Move over, Scrooge: here comes Starbucks

Move over, Scrooge: here comes Starbucks

It is hard to believe so much controversy has come about because of a cup, and a paper one at that. Yet the new design of Starbucks’ holiday cup has some Americans angrily foaming at the mouth.

The company has come under fire for its seasonal cup because–wait for it–it is plain red.  The humanity! Though the cup’s white lid makes it arguably reminiscent of a candy cane, it does not feature the typical picturesque Christmas designs of its predecessors.

Regardless of the facts that the coffee chain uses Christmas Blend coffee and has festive “Merry Christmas” gift cards for sale, some Christians are crying out that Starbucks is attacking Christmas.

Evangelist Joshua Feuerstein, one of many disgruntled customers, voiced his opinion in a Facebook video that has since gone viral.

“I think, in the age of political correctness, we become so open-minded [that] our brains have literally fallen out of our head,” said Feuerstein. In the caption of his video, Feuerstein said that “Starbucks removed Christmas from their cups because they hate Jesus.”

In the clip, he revealed his plan to stick it to the company: telling the workers that his name is “Merry Christmas.”  By doing this, employees not only have to write the sentiment on the cup, but say it aloud as well.  Feuerstein called on viewers to do the same, and to show their support for the movement by taking a “coffee selfie” and posting it on social media with the hashtag #MerryChristmasStarbucks.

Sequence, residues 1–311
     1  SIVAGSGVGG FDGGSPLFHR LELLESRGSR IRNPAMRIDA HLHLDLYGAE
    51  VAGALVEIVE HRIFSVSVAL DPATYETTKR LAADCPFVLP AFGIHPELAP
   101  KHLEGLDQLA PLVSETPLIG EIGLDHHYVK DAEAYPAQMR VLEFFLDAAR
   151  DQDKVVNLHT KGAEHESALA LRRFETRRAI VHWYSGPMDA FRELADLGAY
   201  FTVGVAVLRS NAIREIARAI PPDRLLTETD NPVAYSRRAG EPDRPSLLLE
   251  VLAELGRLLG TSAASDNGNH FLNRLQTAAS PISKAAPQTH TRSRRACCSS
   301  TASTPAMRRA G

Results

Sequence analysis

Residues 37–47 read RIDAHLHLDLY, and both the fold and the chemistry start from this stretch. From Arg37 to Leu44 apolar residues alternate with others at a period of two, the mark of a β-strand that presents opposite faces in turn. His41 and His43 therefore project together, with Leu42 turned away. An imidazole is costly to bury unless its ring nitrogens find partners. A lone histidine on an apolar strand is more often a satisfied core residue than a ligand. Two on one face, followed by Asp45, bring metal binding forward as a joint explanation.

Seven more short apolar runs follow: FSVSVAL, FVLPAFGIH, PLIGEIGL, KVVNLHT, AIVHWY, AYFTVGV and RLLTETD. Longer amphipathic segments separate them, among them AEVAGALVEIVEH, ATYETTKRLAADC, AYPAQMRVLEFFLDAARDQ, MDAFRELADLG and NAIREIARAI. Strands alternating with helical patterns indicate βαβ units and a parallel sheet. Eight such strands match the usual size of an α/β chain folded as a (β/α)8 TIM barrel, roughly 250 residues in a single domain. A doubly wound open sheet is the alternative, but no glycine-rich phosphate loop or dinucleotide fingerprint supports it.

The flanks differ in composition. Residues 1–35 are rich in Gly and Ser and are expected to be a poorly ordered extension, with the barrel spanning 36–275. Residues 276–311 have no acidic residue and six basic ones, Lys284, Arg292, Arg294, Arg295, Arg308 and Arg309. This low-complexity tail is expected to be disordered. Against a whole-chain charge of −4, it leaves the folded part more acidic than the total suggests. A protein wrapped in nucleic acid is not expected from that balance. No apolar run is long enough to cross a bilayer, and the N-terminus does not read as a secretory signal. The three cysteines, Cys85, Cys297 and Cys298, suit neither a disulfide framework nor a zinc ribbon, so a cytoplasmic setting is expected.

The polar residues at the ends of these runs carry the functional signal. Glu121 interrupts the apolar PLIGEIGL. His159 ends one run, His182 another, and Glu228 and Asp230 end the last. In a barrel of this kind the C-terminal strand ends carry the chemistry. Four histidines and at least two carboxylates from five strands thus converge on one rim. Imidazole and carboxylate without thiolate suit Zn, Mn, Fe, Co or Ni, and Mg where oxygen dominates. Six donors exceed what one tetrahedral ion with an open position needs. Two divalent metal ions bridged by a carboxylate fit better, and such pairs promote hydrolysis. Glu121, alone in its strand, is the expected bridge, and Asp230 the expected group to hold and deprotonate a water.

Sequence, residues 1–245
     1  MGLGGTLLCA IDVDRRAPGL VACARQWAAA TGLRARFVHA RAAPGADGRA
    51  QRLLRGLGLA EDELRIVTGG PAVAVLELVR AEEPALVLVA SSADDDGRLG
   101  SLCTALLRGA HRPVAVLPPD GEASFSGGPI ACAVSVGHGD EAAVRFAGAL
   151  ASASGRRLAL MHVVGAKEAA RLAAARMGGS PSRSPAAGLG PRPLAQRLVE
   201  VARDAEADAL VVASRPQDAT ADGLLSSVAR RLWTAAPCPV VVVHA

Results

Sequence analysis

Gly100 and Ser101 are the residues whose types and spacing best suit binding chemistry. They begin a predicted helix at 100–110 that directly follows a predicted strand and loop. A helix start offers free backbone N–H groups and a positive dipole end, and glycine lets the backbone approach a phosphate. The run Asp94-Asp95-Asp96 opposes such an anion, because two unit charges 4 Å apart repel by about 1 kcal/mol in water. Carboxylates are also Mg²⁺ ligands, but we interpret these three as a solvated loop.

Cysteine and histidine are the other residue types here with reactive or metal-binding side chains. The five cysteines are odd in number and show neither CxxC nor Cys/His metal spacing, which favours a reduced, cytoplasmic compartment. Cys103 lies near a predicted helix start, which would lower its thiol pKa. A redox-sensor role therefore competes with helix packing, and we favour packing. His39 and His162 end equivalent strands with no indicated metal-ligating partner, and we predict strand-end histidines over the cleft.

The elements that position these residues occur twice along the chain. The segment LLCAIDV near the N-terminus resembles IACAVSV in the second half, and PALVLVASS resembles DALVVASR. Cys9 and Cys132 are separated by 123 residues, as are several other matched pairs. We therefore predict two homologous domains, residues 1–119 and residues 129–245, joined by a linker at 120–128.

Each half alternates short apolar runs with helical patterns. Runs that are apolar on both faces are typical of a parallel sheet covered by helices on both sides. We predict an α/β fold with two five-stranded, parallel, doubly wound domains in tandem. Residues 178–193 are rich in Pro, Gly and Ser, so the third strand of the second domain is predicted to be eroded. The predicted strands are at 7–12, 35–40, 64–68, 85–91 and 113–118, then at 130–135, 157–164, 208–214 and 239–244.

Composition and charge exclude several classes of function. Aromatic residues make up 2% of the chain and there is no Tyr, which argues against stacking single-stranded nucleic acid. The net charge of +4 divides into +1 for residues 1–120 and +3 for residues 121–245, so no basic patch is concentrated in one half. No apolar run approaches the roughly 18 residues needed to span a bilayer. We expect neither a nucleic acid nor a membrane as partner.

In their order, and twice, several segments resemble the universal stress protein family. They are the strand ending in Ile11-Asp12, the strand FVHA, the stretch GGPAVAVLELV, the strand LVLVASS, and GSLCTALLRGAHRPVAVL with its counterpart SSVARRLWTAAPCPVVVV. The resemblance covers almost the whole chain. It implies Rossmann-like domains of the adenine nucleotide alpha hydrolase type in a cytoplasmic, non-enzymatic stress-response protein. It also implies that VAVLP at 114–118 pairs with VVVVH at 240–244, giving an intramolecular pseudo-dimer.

The company’s website says that the plain cup was inspired by customers who draw their own designs on the coffee cups, and calls consumers to “create their own stories.”

“Creating a culture of belonging, inclusion and diversity is one of the core values of Starbucks, and each year during the holidays the company aims to bring customers an experience that inspires the spirit of the season,” said the coffee provider.

In light of this so-called “Cupgate,” it would also seem that other establishments have looked to benefit.  For example, Dunkin’ Donuts launched its own holiday design for its Styrofoam cup.

The million dollar question is: what is wrong with being inclusive of different religious views?  Why would a true Christian be bothered by this? And what exactly do things like reindeer, ornaments and snowmen have to do with Christianity and Jesus, anyway?

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